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it's hard to believe it's happening here in america, but
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69 children were forced into prostitution and now saved during operation cross country five. the fbi and local law enforcement agencies have arrested more than 800 suspects in these sex slavery cases, including 99 pimps. the major bust took cooperation of hundreds of agencies across 40 cities. richard lui has a closer look at this devastating reality. it's absolutely unbelievable. >> you really said it best there, chris. we're talking about u.s. citizens and talking about kids in the united states. 69 were saved, which brings the number to 1,200 saved since 2003. but, unfortunately, this is a small dent. experts estimating some 230,000 u.s. kids are at risk of being exploited as sex slaves in this country. if you took every kid in 400 public middle schools, that's how many kids we're talking about. okay, this is also big money. $32 billion worldwide for traffickers selling and trading
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humans into sex or labor slavery. that's the size of the market. on a microlevel to give you an idea. a pimp in d.c. with three girls could make over $500,000 a year in cash. the challenge for law enforcement is that some kids are moved every few weeks making it difficult for parents to try to track down their daughters or sons. when law enforcement shows up the house mother and the girls that are at the locations, not the ring leaders, the ones that do the trade and run the infrastructure. now, girls do come forward on their own, but they don't always get the support they need because they're seen as just as a prostitute. the girls psychologically start to see their capture who laz ha repeatedly raped them. local ngos in recent years have raised millions to stop this market by raising demands. what experts tell me now is that as more safe houses and shelters are needed to get these kid sex
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slaves away and into nurturing environments. hopefully. >> thank you very much, richard. appreciate it. kristen anderson for the national center of missing and exploited children and michelle sigona. michelle, let me start with with you. how do they get their hands on these little kids? >> at the national center we have 80% of our missing children cases are run aways, what we call endangered run aways. these are the kids at greatest risk. they're out on the street and they don't have resources and they don't have anyone to turn to in terms of guardians for food, shelter, anything. and these pimps, these offenders will prey on these children's needs for love and support. and bring them in and start to care and nurture for them, nurture them or make them feel that that's what they're doing. >> in this case some of these kids were 13 and younger. when we tend to think of run aways, we don't think of them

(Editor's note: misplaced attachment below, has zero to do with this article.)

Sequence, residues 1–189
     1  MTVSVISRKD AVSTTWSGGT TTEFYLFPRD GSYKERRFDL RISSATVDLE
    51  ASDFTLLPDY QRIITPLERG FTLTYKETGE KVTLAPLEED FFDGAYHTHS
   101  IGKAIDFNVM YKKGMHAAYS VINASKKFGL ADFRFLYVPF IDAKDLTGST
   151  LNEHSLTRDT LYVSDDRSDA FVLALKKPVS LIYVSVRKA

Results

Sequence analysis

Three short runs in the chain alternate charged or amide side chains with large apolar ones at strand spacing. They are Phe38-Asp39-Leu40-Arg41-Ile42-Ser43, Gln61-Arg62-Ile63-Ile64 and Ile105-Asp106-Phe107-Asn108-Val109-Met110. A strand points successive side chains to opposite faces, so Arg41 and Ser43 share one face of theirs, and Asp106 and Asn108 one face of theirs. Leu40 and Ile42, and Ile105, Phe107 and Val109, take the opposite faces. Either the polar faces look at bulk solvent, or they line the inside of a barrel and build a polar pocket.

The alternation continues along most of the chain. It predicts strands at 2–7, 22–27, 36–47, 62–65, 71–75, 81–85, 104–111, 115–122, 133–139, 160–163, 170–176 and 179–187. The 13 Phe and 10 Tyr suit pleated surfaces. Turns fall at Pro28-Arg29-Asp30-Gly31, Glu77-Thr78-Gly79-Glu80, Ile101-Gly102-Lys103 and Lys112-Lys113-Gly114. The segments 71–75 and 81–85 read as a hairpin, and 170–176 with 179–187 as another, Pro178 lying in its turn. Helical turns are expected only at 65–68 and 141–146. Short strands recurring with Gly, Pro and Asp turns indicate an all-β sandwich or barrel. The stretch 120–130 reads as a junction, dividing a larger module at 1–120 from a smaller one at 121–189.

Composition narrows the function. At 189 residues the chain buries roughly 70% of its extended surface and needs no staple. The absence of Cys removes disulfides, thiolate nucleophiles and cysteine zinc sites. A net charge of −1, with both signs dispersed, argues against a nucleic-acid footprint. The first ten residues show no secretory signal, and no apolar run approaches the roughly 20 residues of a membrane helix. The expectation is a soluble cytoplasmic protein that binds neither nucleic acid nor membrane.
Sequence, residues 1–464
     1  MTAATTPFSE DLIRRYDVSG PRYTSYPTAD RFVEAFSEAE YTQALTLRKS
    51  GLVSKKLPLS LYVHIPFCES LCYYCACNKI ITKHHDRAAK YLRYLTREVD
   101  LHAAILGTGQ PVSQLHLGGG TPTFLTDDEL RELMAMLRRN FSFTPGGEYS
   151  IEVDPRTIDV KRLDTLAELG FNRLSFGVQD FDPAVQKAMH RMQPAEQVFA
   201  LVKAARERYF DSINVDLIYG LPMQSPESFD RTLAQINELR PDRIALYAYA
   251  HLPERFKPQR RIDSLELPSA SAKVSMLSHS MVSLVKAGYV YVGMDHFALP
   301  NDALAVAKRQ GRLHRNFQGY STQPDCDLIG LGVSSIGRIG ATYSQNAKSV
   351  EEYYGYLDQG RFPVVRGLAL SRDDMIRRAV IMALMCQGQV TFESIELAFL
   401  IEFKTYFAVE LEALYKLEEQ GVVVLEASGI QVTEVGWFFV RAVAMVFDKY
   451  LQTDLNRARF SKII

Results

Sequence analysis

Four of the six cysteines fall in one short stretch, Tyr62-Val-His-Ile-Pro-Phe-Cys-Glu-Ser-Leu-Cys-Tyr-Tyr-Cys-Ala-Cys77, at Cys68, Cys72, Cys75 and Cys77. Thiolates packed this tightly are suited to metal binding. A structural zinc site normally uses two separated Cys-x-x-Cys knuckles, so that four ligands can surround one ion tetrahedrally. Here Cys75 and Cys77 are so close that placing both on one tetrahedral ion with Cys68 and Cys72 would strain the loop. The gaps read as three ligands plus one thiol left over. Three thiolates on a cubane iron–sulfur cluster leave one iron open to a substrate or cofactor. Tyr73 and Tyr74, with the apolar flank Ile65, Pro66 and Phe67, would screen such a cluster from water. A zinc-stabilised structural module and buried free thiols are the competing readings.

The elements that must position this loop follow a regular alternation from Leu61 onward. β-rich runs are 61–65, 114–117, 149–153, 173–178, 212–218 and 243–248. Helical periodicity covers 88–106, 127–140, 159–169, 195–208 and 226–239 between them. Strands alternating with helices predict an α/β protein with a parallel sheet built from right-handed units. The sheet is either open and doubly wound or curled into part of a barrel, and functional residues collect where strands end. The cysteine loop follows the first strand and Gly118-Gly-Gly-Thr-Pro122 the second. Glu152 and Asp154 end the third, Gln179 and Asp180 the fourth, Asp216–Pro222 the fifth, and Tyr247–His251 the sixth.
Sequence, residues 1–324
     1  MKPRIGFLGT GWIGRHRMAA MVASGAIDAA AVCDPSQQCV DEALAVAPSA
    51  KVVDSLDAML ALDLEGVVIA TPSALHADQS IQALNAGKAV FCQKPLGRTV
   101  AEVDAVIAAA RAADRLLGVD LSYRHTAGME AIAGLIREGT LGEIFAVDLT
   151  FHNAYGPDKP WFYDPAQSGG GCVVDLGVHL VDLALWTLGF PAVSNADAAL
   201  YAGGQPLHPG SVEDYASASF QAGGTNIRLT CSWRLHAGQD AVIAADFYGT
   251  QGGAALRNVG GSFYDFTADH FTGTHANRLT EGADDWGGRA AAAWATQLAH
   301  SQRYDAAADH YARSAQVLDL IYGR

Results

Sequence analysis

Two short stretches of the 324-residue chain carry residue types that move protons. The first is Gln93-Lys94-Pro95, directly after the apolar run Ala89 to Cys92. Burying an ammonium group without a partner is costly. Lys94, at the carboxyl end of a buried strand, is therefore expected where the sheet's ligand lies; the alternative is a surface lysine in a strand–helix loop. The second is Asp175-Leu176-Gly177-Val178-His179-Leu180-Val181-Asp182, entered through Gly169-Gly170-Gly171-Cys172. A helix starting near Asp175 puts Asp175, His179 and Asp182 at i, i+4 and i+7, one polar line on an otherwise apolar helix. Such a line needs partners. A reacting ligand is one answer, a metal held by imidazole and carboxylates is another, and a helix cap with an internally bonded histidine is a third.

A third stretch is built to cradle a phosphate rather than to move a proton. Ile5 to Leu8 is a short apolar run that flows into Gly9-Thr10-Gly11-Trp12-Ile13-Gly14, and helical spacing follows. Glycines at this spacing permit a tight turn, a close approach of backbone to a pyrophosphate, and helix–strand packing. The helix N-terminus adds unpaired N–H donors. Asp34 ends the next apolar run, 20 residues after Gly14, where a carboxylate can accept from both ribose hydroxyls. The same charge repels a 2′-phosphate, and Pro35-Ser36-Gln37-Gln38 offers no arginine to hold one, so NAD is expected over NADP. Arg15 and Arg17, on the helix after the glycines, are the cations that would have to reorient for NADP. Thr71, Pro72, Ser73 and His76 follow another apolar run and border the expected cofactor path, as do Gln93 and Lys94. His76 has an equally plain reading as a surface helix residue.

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that young. is that at all typical, kristen? >> yes, actually, the average age of entry into the life of prostitution is 12 to 13 years old and it's not unusual to find children young eer than that. >> michelle, let's talk about this case in particular. these stories are just so terrible. little kids forced to have sex everywhere from random apartment complexes to a men's room in a shopping mall. what else can you tell us about what the fbi and all these local agencies found? >> well, the fbi, they started this task force in 2003. it's the innocence lost initiative. they have 39 different task forces across the country, which really team up with a lot of the local agencies, chris. they go in and now although the task forces with the fbi, they're doing a great job and combatting this on a daily basis, they set up a lot of these operations. you know, a few times a year. in this particular case, this is what they did with these local agencies and they go in and figure out where the target